Dillian Whyte was, as expected, much leaner and much lighter than his last outing in 2019 at the weigh-in for his anticipated showdown with Alexander Povetkin.
Whyte (27-1, 18 KOs) came in at 18st 6oz (252lb 6oz) and looked to be in great shape for his WBC interim heavyweight title defence against Povetkin (35-2-1, 24 KOs).
Russia’s Povetkin came in two stone lighter at 16st on the nose (224lb) and looked as though he would measure at even less before removing his clothes.
“When the shirt came off, it was like he was growing,” said former WBC cruiserweight champion Tony Bellew on commentary. “David Haye was the same, he’d look so much slimmer in a T-shirt, and then when it came off, he was much bigger than you thought he was.”
Whyte spent an extended period of time during the COVID-19 pandemic in Portugal, working on his size and shape after admitting he was not in the right place mentally during 2019, when he tipped the scales at as much as 20st (280lbs) around his two fights that year.
Chief support pits unified lightweight women’s champion Katie Taylor (15-0, 6 KOs) against Delfine Persoon (44-2, 18 KOs) in a rematch of their thrilling war at Madison Square Garden on June 1, which some felt should have been awarded to Persoon.
The Belgian challenger also came in light, flirting with the super-featherweight realm at 9st 6lb 7oz (132lb 7oz). Ireland’s Taylor, as per the norm for her, was almost spot on the 135lb limit at 9st 8lb 3oz (134lb 3oz).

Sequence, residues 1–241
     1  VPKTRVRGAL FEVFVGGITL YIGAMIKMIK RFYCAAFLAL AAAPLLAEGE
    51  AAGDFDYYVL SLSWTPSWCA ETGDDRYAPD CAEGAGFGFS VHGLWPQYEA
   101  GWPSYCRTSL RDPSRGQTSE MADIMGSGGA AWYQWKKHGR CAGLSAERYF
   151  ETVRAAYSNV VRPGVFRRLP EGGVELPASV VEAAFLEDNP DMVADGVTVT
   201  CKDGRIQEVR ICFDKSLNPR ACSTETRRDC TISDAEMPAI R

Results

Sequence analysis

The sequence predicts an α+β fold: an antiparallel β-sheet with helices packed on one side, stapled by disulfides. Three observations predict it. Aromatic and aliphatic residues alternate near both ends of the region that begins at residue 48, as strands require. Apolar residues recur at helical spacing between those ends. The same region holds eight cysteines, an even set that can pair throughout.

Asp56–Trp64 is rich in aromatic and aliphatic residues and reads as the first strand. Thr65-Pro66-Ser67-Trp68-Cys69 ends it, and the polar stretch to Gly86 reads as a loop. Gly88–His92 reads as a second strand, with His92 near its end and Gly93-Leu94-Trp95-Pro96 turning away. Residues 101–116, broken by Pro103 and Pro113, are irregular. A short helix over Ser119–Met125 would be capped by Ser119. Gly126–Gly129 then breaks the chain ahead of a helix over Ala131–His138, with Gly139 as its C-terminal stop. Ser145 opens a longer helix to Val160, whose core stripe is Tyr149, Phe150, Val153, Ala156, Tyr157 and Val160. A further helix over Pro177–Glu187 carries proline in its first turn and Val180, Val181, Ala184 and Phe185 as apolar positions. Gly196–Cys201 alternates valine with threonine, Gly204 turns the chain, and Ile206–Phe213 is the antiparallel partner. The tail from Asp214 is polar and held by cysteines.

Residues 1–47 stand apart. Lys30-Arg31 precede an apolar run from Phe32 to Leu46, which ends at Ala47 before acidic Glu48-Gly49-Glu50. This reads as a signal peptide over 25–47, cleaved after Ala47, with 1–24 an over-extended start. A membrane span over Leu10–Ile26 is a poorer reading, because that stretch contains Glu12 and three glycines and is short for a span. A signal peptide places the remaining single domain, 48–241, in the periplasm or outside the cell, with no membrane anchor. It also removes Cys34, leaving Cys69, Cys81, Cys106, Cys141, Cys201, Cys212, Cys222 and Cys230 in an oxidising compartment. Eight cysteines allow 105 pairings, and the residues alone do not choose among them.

After they hit the scales, Taylor and Persoon faced off for photographs — with the latter leaving her permitted area to get closer to the champ in what was perhaps a touch of mind games on the eve of the huge return bout.
Heavyweights Alen Babic (3-0, 3 KOs) and Shawndell Winters (13-3-9, 12 KOs) appeared more than capable of competing at cruiserweight or even light-heavyweight when they took their turn on the stage.
Croatia’s Babic, a protege of Whyte’s who was with him in Portugal on sparring duty, weighed 14st 9lb (205lb). Chicago native Winters, meanwhile, would actually make cruiserweight at 13st 12lb (194lb) as he seeks to counter his foe’s promising power with movement and finesse.
Welterweights Luther Clay (13-1, 5 KOs) and Chris Kongo (11-0, 6 KOs) do battle for the former's WBO global championship, and came in at similar weights despite the challenger’s decided height advantage.
It was 10st 5lb (145lb) for the unbeaten Kongo and 8oz heavier for the shorter champion in what could steal the stacked show on Saturday.
And the card’s opening contest will see Josh Cullen (18-2, 9 KOs) face Zak Chelli (7-1, 3 KOs) in a 10-round super-middleweight attraction.
Cullen was expected to weigh comfortably inside having just moved up from middleweight, where he was defeated by Commonwealth champion and Fight Camp 3 headliner Felix Cash. He did at 11st 10lb 6oz (164lb 6oz), with Chelli only a shade heavier at 11st 10lb 8oz (164lb 8oz).
With the final pre-fight night formality out of the way, promoter Eddie Hearn admitted that there is definitely a correlation between all the light weights and the pandemic-forced bubble created for these four cards at his company’s Mascalls HQ in Brentwood.
“There’s not a lot to do here other than train,” explained Hearn. “Shawndell Winters has been training twice a day. Some guys, like Josh Cullen, are stepping up in weight class so will come in relatively light anyway.”
Matchroom Fight Camp 4, headlined by Dillian Whyte vs. Alexander Povetkin and Katie Taylor vs. Delfine Persoon, airs live on Sky Sports Box Office in the U.K. and DAZN in the U.S. on Aug. 22.